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Last Updated: Wednesday, 31 March 2004, 10:56 GMT 11:56 UK
Beginner's guide to shooting
A competitor takes part in trap shooting
The slightest movement or noise can cost points
Shooting is one of those sports where the difference between winning and losing can be measured in millimetres.

Many of the targets to be shot at are hardly visible to the naked eye, so the smallest movement at the crucial moment can cost vital points.

Stories abound of shooters firing between heartbeats, and many wear stiff, thick jackets - not only to provide support but also to muffle the pulse.

Of the 17 events - 10 for men and seven for women - six are contested with shotguns, five with pistols and six with rifles.


In the trap, double trap and skeet events, competitors stand in shooting stations firing at clay targets which are released upon the call of the shooter. The person who hits the most targets wins.

  • Trap - One of three traps at differing heights and angles fires a target into the air - the shooter does not know from which - and the competitor is allowed two shots to hit it.

  • Double Trap - Two targets are released simultaneously at different heights and angles from two of the three traps. The shooter must fire just one shot at each target.

  • Skeet - The take-off points of the two targets are at different heights and at opposite sides of the range. The competitor shoots from designated points arranged in a semi-circle between the traps. The traps throw out either single or double targets.

    A single target can be thrown from either trap. A double target is when two targets are thrown simultaneously, one from each trap. The shooter can fire just one shot at each target.

Men and women compete in all three shotgun events.


Rifle events are held on shooting ranges where competitors shoot at targets at distances of 10 and 50 metres.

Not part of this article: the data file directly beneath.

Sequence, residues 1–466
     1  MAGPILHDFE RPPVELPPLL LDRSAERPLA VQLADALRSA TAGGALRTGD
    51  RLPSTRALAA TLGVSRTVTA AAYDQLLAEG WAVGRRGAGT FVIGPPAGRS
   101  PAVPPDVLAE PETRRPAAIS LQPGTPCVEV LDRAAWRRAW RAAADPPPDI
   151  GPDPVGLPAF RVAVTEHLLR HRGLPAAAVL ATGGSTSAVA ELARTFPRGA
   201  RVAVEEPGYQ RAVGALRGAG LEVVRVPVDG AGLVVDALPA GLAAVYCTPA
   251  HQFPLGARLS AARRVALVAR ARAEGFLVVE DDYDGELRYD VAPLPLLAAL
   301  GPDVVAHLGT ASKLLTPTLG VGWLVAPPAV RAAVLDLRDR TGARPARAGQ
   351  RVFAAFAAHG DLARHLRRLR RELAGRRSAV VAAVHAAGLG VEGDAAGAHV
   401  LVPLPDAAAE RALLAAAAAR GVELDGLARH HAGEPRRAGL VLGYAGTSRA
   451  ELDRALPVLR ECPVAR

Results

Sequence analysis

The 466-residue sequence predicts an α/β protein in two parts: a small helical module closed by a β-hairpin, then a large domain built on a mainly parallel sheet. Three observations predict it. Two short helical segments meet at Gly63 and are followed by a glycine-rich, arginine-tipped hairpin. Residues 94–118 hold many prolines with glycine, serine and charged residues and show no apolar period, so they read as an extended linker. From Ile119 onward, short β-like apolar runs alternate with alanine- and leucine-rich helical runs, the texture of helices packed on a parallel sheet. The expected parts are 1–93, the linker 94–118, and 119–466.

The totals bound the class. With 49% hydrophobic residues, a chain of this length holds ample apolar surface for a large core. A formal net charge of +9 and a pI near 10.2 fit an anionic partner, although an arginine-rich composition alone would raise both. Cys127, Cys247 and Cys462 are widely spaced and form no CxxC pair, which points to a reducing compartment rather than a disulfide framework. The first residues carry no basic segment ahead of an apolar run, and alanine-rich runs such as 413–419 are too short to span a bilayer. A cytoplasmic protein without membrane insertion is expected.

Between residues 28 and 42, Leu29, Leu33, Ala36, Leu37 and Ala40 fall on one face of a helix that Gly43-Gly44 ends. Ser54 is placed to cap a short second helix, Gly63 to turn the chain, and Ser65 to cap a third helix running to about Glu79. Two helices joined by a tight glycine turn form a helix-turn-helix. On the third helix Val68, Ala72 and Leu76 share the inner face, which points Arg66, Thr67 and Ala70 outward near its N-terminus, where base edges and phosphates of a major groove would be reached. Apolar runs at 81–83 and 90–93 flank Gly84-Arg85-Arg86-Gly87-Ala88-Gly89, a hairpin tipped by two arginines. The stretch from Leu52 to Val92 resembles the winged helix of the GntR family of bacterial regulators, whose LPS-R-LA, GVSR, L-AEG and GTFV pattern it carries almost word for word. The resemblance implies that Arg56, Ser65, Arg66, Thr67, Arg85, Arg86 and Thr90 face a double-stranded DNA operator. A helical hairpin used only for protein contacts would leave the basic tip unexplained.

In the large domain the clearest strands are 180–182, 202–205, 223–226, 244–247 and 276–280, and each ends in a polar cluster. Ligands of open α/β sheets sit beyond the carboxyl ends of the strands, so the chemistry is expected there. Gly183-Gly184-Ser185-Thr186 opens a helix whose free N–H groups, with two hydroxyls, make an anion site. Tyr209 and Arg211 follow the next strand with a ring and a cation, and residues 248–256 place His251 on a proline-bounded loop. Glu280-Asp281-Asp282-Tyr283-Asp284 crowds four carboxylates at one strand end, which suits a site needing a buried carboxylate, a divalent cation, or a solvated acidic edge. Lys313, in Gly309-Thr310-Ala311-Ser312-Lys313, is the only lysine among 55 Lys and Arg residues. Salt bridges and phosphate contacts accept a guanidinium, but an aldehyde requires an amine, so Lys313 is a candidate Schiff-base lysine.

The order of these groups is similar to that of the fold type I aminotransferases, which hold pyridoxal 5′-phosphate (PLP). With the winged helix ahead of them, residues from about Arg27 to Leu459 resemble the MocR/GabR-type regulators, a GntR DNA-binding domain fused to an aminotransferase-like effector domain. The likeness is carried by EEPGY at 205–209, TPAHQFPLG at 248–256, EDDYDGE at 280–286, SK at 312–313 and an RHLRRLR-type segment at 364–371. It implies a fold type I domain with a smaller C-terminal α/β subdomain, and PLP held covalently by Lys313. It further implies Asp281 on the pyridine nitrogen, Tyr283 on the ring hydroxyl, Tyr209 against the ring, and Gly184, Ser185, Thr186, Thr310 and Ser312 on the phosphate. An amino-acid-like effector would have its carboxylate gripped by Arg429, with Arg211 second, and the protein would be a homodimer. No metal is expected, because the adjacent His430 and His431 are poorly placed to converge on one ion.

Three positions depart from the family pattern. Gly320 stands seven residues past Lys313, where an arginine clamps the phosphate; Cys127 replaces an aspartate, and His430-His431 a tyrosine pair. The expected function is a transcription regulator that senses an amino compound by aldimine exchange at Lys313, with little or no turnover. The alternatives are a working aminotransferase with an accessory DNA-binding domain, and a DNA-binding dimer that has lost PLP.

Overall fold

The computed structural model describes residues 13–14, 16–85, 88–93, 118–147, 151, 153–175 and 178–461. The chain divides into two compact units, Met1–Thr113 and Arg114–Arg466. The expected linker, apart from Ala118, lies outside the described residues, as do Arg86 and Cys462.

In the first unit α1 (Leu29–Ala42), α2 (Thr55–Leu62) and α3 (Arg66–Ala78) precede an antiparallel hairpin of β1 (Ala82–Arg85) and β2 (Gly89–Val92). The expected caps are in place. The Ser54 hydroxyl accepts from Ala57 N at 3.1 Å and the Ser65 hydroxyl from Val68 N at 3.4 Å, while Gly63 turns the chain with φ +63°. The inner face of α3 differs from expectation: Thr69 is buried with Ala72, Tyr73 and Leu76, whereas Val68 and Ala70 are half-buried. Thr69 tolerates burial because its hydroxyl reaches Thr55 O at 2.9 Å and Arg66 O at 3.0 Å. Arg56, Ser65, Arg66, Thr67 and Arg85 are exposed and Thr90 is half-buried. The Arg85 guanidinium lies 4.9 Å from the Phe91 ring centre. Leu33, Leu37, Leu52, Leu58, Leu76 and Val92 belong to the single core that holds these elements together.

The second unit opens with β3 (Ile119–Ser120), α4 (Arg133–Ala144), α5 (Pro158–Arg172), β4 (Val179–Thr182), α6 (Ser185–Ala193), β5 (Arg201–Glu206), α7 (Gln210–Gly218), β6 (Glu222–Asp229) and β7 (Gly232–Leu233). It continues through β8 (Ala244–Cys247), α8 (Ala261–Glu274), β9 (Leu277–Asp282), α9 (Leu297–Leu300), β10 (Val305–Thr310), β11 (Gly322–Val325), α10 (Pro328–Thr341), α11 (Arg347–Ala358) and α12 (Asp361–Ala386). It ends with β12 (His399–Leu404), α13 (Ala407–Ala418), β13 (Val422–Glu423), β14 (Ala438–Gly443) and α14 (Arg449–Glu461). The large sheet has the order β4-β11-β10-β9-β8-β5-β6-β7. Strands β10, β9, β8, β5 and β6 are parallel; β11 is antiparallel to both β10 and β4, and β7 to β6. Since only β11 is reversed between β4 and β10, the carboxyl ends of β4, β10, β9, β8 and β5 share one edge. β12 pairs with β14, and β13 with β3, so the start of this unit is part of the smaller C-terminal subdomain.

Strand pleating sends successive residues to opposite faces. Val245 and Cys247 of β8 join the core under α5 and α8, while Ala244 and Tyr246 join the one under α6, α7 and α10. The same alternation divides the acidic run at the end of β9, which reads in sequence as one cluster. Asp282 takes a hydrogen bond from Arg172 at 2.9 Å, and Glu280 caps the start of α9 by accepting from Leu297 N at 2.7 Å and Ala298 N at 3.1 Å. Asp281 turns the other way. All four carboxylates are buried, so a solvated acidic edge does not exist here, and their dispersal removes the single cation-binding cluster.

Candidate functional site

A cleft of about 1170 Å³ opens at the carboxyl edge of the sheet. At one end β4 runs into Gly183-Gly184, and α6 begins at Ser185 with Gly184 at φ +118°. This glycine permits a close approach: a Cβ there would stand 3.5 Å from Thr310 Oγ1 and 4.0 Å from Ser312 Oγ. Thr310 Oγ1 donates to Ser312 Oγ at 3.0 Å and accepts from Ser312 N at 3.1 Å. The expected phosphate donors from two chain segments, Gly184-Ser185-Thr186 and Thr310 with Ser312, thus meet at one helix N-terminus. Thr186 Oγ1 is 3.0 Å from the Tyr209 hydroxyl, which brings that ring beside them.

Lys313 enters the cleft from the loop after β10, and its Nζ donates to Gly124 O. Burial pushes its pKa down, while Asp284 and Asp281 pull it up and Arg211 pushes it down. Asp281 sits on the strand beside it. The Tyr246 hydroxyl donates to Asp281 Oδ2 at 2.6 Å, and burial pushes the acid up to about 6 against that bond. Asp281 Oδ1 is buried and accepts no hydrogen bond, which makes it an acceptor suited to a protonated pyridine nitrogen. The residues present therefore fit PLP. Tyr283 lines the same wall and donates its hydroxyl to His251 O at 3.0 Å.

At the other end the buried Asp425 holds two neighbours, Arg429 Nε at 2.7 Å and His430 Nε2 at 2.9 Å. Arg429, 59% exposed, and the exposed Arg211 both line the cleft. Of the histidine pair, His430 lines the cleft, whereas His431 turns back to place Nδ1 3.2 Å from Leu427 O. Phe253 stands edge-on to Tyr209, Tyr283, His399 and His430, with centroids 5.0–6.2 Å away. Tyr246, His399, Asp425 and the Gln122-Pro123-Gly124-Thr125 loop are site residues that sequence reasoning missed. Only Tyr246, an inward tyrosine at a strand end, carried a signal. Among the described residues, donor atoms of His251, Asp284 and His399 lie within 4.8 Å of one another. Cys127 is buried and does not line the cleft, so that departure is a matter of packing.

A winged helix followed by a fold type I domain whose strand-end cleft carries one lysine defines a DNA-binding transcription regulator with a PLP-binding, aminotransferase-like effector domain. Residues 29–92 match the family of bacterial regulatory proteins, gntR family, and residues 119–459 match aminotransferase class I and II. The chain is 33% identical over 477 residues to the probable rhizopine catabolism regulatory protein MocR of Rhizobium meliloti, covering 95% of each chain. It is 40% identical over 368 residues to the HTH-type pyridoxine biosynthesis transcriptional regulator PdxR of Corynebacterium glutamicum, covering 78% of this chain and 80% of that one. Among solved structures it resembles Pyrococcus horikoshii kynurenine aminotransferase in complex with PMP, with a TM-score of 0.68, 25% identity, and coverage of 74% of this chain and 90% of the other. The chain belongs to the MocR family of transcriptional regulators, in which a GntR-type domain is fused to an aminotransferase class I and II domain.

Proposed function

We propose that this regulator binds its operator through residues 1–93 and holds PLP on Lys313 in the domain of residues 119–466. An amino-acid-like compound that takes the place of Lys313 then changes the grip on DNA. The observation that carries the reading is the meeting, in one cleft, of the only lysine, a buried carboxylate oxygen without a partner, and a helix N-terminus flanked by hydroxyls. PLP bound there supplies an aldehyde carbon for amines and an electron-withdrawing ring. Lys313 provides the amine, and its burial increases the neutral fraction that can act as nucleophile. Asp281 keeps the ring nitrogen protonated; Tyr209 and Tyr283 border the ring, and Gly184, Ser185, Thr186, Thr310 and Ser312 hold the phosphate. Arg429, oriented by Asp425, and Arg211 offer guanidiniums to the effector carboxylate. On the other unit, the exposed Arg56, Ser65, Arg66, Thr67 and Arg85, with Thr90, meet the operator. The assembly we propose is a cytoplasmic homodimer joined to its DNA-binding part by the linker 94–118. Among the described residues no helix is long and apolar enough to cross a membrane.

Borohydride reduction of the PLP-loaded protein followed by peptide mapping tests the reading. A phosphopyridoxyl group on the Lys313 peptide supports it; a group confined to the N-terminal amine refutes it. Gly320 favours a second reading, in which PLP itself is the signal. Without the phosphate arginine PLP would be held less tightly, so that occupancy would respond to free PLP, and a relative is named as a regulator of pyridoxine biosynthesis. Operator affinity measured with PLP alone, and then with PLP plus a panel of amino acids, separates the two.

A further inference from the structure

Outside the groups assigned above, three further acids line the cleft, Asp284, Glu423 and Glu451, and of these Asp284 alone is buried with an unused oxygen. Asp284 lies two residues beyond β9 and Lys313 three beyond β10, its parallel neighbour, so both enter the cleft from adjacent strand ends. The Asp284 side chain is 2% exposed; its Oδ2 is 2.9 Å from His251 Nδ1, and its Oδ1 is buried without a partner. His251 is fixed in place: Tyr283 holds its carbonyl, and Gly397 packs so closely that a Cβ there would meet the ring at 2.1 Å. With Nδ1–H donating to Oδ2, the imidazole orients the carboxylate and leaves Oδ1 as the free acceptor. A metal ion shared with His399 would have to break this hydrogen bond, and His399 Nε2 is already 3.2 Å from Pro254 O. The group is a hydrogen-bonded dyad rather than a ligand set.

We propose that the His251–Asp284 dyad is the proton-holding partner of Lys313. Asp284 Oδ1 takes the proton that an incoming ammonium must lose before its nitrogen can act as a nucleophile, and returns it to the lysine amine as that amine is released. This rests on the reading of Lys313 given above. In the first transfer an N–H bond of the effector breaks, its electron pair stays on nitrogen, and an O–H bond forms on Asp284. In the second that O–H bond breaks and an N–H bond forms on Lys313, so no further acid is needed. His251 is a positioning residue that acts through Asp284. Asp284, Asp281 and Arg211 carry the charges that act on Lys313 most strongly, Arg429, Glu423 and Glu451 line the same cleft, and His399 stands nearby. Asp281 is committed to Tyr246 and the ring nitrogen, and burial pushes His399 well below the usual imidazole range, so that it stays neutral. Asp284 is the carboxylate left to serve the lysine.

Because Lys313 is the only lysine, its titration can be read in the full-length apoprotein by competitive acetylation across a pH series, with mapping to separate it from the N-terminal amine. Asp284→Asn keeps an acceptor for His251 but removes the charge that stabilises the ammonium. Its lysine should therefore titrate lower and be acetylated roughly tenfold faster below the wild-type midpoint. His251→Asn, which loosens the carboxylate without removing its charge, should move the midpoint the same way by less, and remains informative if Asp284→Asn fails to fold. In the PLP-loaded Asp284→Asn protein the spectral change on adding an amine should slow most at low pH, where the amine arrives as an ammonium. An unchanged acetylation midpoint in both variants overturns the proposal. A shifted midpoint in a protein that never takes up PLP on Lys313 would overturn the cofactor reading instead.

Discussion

In the 1900 Olympics, live pigeons were used as targets
The running target is a men's event. Shooters fire at a moving target from a distance of 10 metres as it moves across a two-metre opening in front of them. The shooter who hits the most targets wins.

In this discipline, the shooter stands and cannot support his left arm (or right arm if the shooter is left-handed) on his hip or chest.

For all other rifle events in the standing position, the rifle rests against the shoulder and the left arm can be supported on the chest or hip.

There are also men's and women's 10m events, a 50m event for men in the prone position, and a 50m three-position event for men and women.


Pistol shooters aim at targets from distances of 10, 25 and 50 metres.

Men compete in the 10m air pistol, 25m rapid fire pistol and 50m pistol - women in the 10m air pistol and 25m pistol.

All the targets have 10 concentric rings with different points values, the inner ring being the bullseye and normally worth 10 points. The shooter with the most points at the end wins.

Rules vary when a shot breaks the line between two rings.

The higher score is generally awarded, though in air rifle competitions the 10 ring, or the bullseye, must be shot out completely to score a perfect 10.

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